Doorbells are simple electrical systems or a push button at an outer door that gives a ringing or buzzing signal when pushed. A doorbell, chime, bell, or buzzer normally operates on low voltage.
Repairing a doorbell is quite easy. The buttons, buzzers, and transformers used in doorbells are relatively inexpensive and replacing these faulty doorbell parts and components is better than trying to repair them.
How Does a Doorbell Works
A doorbell, chime, or buzzer normally operates on low voltage. Most new doorbells use 12 to 14 volts for bells and buzzers and 16 volts for chimes. It has a transformer that converts 120-volt current into the lower voltage. It works on the principle of electromagnetism.
2 small-gauge wires run from the transformer to the bell or the buzzer. A push-button switch is used to interrupt one of these wires and break the circuit or wiring. When we push the button, it completes the circuit and delivers low-voltage electricity to the unit.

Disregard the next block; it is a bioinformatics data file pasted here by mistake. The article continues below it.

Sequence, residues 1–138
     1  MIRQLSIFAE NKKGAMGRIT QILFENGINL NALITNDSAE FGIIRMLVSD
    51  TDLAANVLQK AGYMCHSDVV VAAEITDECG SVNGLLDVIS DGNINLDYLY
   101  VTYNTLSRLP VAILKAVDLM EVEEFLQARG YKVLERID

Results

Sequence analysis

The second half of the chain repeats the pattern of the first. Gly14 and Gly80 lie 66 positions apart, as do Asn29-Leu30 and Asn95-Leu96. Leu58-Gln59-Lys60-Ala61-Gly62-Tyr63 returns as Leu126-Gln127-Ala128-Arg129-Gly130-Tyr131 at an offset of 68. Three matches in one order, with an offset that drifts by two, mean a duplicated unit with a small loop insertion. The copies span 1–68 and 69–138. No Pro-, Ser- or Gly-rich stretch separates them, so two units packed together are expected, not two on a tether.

The bell unit has a piston with spring. The piston slide through the windings of an electromagnet. The magnet gets charged by the electrical surge sent from the transformer, pulling the pistons against their springs. As the charge stops, the springs thrust the pistons against the bell or chimes and a “ding-dong” sound is produced. This is how doorbells work.
Some doorbells even produce two sounds – one for the front door, the other for the back door so that you can understand if someone is at the front door or at the back door. These doorbells also use the principle of electromagnetism to produce sound.
The buzzing or “ding dong” sound of the bell which you hear is actually the sound made by the swiftly moving arm hitting the magnet along with the stationary.